Jerry Crasnick of ESPN.com has a really good article today about Chipper Jones’ comeback from the torn anterior cruciate ligament in his left knee that ended his season in mid-August and attaches plenty of question marks to how he’ll fare returning from the injury (and previous talk of retirement) at age 39.
Jones told Crasnick some interesting stuff about how he views the Phillies’ rotation, how he regrets not being able to held send manager Bobby Cox off a winner, and what type of production he expects out of himself in 2011.
All of that was good, but here’s my favorite part:
Come January, Jones will head to his hitting facility in the Atlanta suburb of Suwanee and begin taking batting practice with Brian McCann, Mark DeRosa, Jeff Francoeur, Andruw Jones and his other winter workout buddies. At the moment, he’s focused on lifting weights at the gym and running the hills in his subdivision.
“I actually have a funny story about that,” Jones said. “I’m so out of shape, one of my neighbors caught me dry-heaving on his lawn. We had a nice little chuckle out of it. I grabbed his phone to make sure he didn’t take any video and people would see it on YouTube.”
Being a Braves fan is Craig’s territory, but Jones has always been one of my favorite players and I’m glad he’s coming back at age 39 even after the injury. Much has been made of his decreased production, but Jones has topped an .800 OPS in each of the past two seasons and hit .307 with a .924 OPS in the second half before tearing his ACL.
It’s been just over a week since Giants’ left-hander Madison Bumgarner got a serious scare after a nasty dirt bike accident. He escaped with bruised ribs and a Grade 2 strain of his left shoulder AC joint, but there was some speculation that the injuries would cause a significant, if not permanent, setback in the southpaw’s career. Thankfully, things aren’t looking quite so bleak today. Not only will Bumgarner not require surgery, but he could return as soon as the week following the All-Star break, the Giants said Friday.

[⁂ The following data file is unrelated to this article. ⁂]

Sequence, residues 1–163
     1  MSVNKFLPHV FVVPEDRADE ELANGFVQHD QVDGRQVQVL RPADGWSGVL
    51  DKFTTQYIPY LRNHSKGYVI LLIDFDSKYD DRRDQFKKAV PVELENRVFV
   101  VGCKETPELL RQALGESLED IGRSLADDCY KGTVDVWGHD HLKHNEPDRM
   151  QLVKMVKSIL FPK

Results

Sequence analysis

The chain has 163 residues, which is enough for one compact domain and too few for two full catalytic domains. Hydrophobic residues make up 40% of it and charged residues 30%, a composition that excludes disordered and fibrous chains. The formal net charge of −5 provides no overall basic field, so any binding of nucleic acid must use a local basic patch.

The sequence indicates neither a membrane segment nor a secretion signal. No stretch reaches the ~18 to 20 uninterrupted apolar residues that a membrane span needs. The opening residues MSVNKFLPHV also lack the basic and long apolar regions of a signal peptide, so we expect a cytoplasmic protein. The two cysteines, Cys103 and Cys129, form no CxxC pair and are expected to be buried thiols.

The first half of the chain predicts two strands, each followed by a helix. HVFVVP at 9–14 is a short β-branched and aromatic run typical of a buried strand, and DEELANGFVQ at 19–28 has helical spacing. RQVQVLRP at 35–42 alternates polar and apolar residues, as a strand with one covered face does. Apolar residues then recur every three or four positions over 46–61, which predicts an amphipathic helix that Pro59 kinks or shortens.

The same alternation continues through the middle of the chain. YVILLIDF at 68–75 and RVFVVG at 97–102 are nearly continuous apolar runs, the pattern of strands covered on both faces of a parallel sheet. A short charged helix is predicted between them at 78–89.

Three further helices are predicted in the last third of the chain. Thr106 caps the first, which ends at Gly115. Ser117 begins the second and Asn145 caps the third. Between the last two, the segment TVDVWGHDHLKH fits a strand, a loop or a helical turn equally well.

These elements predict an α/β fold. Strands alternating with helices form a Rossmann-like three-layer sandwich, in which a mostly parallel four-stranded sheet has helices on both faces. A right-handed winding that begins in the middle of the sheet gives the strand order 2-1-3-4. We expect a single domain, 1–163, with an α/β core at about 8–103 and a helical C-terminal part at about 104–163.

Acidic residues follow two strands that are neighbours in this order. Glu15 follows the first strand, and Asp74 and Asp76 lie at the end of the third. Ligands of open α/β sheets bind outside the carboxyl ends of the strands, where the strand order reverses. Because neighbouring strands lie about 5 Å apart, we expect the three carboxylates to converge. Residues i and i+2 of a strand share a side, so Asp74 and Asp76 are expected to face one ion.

Of course, that timeline is wholly dependent on how smoothly the recovery process goes, so nothing is set in stone yet. NBC Sports Bay Area’s Alex Pavlovic estimates 2-3 months of rest and rehab, including “two months before he can get back on the mound and then another three to four weeks of throwing and rehab starts before he’s big league-ready.” It’s a long and laborious schedule, but still looks much better than any surgical alternative.
Prior to the accident, Bumgarner was working on a solid start to the 2017 season. He maintained a 3.00 ERA, 1.3 BB/9 and 9.3 SO/9 through 27 innings with the club, though his average 1.75 runs of support per start fed into an 0-3 record.
You’ve seen Carlos Gomez’s 461-foot home run. You’ve seen Joey Gallo’s 462-foot blast. You’ve seen Corey Seager’s 462-footer, too. During Friday’s series opener against the Yankees, Manny Machado delivered the tie-breaker we were all hoping for, launching a 470-foot moonshot over the center field wall to pad the Orioles’ 5-0 lead in the fifth:
It was Machado’s fourth homer of the season, and quite a doozy, according to Statcast. MLB.com’s Brittany Ghiroli says that it’s currently the longest home run recorded at Yankee Stadium, dating back through Statcast’s inception in 2015.
Through eight innings, the Yankees and Orioles combined for five home runs and two grand slams, though none reached quite as far as Machado’s record-setting blast. Aaron Judge went deep twice, hitting the 417-foot mark in the fifth inning and the 435-mark in the sixth, while Mark Trumbo executed a 459-foot grand slam in the sixth inning, followed by a 420-foot slam from Jacoby Ellsbury in the seventh. The Orioles currently lead the Yankees 11-8 in the ninth inning.